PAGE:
BOMEC_15_Class_region

Licence

Creative Commons Attribution 3.0 New Zealand

You may use this work for commercial purposes.

You must attribute the creator in your own works.

9150
49
Updated
03 Jul 2018

This dataset was last updated on MfE Data Service on 03 Jul 2018.

The 15 class Benthic-Optimised Marine Environment Classification (BOMEC). The BOMEC divides the benthic environment into ecosystem types. These are grouped into three inshore groups, three continental shelf groups, and nine deeper-water groups. Each group represents areas with similar environmental variables, such as depth, temperature, salinity, and suspended sediment. The classification system considers the distributions of eight benthic taxonomic groups: asteroids, bryozoans, benthic foraminiferans, octocorals, polychaetes, matrix-forming scleratinian corals, sponges, and benthic fish.

Layer ID 52748
Data type Vector multipolygon
Feature count 15
Services Vector Query API, Web Feature Service (WFS), Catalog Service (CS-W), data.govt.nz Atom Feed

NZ Coastal Hydrosystems

Licence

Creative Commons Attribution 3.0 New Zealand

You may use this work for commercial purposes.

You must attribute the creator in your own works.

6666
89
Added
02 Feb 2017

This dataset was first added to MfE Data Service on 02 Feb 2017.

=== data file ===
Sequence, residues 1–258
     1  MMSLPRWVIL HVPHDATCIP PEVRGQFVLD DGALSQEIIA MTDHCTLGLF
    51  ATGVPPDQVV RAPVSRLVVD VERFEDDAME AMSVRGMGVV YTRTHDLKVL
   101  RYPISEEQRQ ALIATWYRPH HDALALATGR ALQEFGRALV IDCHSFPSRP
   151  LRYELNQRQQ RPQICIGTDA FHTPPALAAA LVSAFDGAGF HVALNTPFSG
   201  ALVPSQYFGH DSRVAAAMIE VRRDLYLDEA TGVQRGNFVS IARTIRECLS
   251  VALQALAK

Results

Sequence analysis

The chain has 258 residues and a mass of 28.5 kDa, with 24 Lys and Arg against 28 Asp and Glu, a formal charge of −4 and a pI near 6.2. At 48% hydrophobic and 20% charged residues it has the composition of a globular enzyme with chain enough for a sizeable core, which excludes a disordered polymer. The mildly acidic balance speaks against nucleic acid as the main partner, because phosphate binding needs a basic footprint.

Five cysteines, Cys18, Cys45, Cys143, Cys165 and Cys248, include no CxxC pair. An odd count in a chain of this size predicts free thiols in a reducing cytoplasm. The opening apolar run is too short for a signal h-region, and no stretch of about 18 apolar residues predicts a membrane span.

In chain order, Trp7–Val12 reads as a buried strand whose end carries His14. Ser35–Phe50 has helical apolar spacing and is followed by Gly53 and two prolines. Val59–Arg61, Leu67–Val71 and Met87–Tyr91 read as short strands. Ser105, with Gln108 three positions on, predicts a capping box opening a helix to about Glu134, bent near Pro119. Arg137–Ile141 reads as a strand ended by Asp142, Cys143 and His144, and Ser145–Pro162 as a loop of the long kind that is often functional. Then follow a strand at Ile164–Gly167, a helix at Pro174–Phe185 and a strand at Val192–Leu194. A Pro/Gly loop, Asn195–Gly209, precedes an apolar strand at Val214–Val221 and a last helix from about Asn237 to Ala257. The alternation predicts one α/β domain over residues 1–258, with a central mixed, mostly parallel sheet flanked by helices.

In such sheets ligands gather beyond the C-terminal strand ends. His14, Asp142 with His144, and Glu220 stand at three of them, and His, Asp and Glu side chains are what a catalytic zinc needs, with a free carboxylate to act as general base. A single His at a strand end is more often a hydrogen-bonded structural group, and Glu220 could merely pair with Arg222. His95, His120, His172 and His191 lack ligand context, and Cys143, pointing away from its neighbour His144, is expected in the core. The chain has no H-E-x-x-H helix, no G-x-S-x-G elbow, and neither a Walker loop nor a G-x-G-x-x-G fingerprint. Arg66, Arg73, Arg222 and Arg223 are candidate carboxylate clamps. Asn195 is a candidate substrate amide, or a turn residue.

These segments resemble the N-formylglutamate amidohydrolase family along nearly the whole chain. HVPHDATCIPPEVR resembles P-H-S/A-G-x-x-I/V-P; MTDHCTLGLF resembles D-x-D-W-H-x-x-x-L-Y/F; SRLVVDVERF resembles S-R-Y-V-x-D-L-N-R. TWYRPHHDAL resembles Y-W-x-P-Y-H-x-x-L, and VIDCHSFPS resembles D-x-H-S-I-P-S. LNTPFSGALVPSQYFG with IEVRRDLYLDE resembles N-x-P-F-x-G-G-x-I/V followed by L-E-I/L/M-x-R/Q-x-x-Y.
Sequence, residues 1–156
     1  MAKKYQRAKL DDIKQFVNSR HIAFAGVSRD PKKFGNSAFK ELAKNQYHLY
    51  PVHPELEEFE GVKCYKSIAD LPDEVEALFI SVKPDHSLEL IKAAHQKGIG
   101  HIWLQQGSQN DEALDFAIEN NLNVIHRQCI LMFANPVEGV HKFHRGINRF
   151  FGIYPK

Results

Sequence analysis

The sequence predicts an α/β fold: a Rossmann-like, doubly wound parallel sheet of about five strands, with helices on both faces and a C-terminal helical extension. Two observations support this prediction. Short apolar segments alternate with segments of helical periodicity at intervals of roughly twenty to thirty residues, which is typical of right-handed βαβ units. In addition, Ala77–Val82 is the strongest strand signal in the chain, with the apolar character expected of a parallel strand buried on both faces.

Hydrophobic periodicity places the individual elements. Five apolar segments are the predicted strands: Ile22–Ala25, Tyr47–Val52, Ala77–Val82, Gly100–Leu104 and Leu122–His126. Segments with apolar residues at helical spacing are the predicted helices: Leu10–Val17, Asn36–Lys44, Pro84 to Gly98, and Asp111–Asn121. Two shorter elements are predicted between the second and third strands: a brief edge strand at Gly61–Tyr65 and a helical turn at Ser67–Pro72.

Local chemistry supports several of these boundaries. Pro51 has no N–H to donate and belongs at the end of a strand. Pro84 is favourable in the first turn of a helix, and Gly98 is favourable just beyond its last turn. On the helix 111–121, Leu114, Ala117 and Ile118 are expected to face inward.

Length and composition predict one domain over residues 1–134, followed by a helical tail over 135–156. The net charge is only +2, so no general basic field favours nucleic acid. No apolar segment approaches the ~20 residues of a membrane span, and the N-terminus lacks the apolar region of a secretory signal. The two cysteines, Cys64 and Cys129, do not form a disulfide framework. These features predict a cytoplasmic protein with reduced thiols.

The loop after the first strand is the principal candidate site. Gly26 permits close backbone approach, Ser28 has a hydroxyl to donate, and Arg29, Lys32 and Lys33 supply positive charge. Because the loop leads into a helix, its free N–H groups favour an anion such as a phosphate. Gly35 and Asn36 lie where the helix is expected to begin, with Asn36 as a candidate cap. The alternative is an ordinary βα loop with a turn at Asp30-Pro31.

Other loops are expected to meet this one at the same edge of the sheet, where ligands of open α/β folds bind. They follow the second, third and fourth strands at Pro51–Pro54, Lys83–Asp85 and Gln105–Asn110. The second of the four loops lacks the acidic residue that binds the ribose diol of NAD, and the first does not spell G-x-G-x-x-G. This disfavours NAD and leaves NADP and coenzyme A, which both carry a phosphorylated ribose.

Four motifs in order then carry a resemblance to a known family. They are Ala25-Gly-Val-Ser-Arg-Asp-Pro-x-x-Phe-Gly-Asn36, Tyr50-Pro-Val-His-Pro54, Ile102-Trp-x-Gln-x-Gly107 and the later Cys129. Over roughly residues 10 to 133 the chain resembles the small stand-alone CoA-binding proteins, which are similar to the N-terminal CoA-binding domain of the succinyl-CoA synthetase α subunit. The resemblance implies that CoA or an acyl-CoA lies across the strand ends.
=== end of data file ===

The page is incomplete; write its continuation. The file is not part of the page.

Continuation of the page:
Coastal hydrosystems describe coastal features that span a gradient from near coast freshwater lakes/wetlands (lacustrine/palustrine environments) to marine. The term 'coastal hydrosystem' avoids the common error of referring to all such features as estuaries, mislabelling the numerous types that are non-estuarine and have different behavioural characteristics and management sensitivities from any truly estuarine environment. It also encompasses the coastal systems that do not represent end-of-river environments (e.g., some pocket beaches and embayments) or are so large and complex as to be fed by several freshwater drainage features (rivers, streams, wetlands) but which are dominated by none (e.g., some harbours, fjords, sounds and coastal-lacustrine systems). It also incorporates the multiple aspects of each system, including beaches, spits, barriers, river mouths, wetlands, saltmarshes and other geomorphic, ecological and hydrological features.

The New Zealand Coastal Hydrosystem classification (NZCH) is a classification of coastal hydrosystems within New Zealand including some offshore islands. The coastal hydrosystems classification is based on a hierarchical view of the abiotic components that comprise the environments of coastal hydrosystems. This classification presents detail at the geomorphic class level because this level is particularly important for coastal management and conservation needs at national and regional scales.